where Γ is the set that contains all of the MUEs served by MBS, which is the subset of ${\{M{U}_{i}\}}_{i=1}^{L}$. ${\gamma}_{j,M}$ denotes the service price that MBS serves the j-th MUE, and note that ${\gamma}_{j,M}$ equals ${\gamma}_{k,M}$ for any $j,k\in \mathrm{\Gamma}$. Additionally, ${b}_{j,M}$ represents the spectrum bandwidth demand of the j-th MUE.
The spectrum leasing of the femtocell network is motivated by the proposed auction mechanism played by MBS and all FBSs. The objective of MBS is to obtain profit as much as possible by selling the limited spectrum resource. Meanwhile, the objective of the FBS is to serve its subscribers by renting spectrum from the MBS and making a profit. In order to motivate the MBS to lease its resource, compensation is paid by the winner FBSs to the MBS.
For the MBS, there are three options to make a profit: (1) sell all spectrum to its own UEs; (2) sell all spectrum to FBSs; (3) sell part of the spectrum to its own UEs and the others to FBSs. Therefore, the question is how to choose the best option to obtain the maximal profit and how to determine the amount of the “part”.
On the side of FBSs, serving FUEs is their source of revenue. However, they have no resource. In order to get spectrum from the MBS, each FBS i in the range of the macrocell submits a bid ${l}_{i,M}$ to the MBS, which means that FBSs have to split part of their income to the MBS for buying spectrum. To some extent, this situation limits FBSs from achieving the maximal profit.
It can be seen that the market is a monopoly market dominated by the resource owner MBS. As a monopolist, the MBS sets its ultimate goal as maximizing its profit ${U}^{M}$ via pricing and spectrum allocation. We will discuss the details in the next section.
In this section, we will discuss the spectrum leasing protocol. We pointed out three options for the MBS to obtain profit in Section 4.4. In fact, Option 1 and Option 2 are special cases of Option 3.
In order to obtain the maximal profit, the MBS has to sell out its spectrum. The effect of macrocell service price on spectrum allocation is shown as Figure 5. There are three important points in the figure, price a, price b and cursor price.
For Option 1, ${w}^{M}$ is zero, and the MBS needs to announce a lower price a to make the spectrum be sold out exactly, as shown in Figure 5a. At this moment, all spectrum will be used to serve MUEs, and the MBS revenue reaches the maximal value.
Similarly, for Option 2, ${v}^{M}$ is zero, and the MBS announces a higher price b, as shown in Figure 5b. In this price environment, all spectrum will be leased to FBSs. Additionally, the spectrum leasing problem can be modeled as a combinatorial optimization problem. The auctioneer MBS can choose the optimal combination from all bidders to maximize its revenue.
Option 3 is the mixture of the other two, as shown in Figure 5c. At first, the MBS makes a service price, denoted as cursor price, to allow some MUEs with a good channel condition access. Those MUEs would not use up all of the spectrum resources, so that the rest of the spectrum can be used for auction.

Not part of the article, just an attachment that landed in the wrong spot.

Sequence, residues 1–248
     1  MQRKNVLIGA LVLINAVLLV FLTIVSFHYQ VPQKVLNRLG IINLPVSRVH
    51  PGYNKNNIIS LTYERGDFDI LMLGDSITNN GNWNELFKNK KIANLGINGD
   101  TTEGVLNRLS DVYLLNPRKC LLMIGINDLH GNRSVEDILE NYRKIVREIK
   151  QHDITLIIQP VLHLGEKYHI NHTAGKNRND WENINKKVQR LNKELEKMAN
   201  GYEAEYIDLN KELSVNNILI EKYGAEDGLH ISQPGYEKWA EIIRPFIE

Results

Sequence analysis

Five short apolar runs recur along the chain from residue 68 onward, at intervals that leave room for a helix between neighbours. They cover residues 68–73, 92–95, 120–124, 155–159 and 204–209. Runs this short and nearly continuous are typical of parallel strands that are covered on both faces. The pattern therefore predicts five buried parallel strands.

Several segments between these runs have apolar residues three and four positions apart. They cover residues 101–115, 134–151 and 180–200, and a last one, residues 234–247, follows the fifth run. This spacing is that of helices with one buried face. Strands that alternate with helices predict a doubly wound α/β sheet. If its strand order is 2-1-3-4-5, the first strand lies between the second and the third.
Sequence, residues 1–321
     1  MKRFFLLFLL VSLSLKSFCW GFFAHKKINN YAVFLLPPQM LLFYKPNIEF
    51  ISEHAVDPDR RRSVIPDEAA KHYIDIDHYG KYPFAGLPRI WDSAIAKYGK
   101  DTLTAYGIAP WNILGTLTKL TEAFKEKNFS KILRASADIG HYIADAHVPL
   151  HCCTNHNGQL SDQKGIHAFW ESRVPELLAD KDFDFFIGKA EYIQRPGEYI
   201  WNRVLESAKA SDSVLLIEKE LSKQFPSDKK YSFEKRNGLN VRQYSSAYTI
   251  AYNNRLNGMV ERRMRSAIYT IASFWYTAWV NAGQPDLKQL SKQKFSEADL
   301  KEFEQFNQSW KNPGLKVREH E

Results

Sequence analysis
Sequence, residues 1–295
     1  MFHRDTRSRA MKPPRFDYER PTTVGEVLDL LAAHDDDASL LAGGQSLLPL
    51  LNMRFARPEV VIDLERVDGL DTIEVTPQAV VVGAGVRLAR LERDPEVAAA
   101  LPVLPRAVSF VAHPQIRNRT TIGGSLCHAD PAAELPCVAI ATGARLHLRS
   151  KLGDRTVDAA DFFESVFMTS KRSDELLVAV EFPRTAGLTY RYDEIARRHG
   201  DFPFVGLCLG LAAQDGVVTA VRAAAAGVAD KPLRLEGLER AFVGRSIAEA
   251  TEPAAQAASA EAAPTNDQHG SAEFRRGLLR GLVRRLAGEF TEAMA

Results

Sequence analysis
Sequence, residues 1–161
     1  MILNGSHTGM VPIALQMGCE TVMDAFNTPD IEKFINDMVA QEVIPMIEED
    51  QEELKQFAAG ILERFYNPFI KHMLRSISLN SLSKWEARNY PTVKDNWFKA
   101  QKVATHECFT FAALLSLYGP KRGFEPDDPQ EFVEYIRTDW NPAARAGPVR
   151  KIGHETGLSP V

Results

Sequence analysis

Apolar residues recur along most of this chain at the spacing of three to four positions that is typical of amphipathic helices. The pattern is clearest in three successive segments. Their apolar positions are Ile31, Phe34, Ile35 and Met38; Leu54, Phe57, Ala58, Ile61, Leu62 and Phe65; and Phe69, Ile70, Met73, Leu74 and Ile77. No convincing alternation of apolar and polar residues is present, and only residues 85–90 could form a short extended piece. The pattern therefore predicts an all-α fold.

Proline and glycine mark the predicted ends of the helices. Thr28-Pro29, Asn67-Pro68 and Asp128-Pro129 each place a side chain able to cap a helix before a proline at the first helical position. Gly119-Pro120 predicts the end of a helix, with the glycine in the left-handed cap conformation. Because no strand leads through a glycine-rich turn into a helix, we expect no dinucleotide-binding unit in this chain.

Generally, an auction consists of three parts: bidders, an auctioneer and a good for auction. In our model, the MBS owns all of the available spectrum and allocates resource to FBSs; so the bidders are the FBSs, and the auctioneer is the MBS. Obviously, the good for auction is the spectrum resource. Additionally, our auction can be described as follows:
We will discuss the auction details in Section 5.1 and Section 5.2. Now, we study how to decide the cursor price to maximize the revenue of the MBS. The leasing protocol among multiple FBSs is carried out in two phases.
Note that the rental price of the FBSs should be determined in the first step. If not, the FBSs will have no spectrum to rent. This is because the MBS will allocate all of its spectrum bandwidth to its MUEs to obtain the maximal profit without knowing how much price the FBSs will submit. As a result, there will be no incentive for the MBS to lease its resource.
In general, the FUEs are close to FBSs with small path loss. Therefore, the FUEs accessing FBSs will experience superior spectrum efficiency. As a result, FBSs could achieve higher revenue with a higher service price.
Firstly, each FBS collects the channel state information of its subscribers. The performance of those subscribers is usually good enough to provide various services due to the advantage of the small coverage of FBSs. Then, we consider the pricing that can maximize the revenue of FBSs. From the definition of Equation (5), the utility function of each FH i is:
For the FUE j, service price ${\gamma}_{i,j}$ should meet the following equation:
By solving the above problem, we can have:
The FBS declares different prices for different FUEs, and for a given renting price ${l}_{i,M}$, the optimal service prices of the FUE j are increased with its spectrum efficiency θ. Therefore, the FBS’s maximal payoff is:
Note that $0<\sqrt{{\theta}_{i,j}{l}_{i,M}}\le {\theta}_{i,j}$, then $0<{l}_{i,M}\le {\theta}_{i,j}$.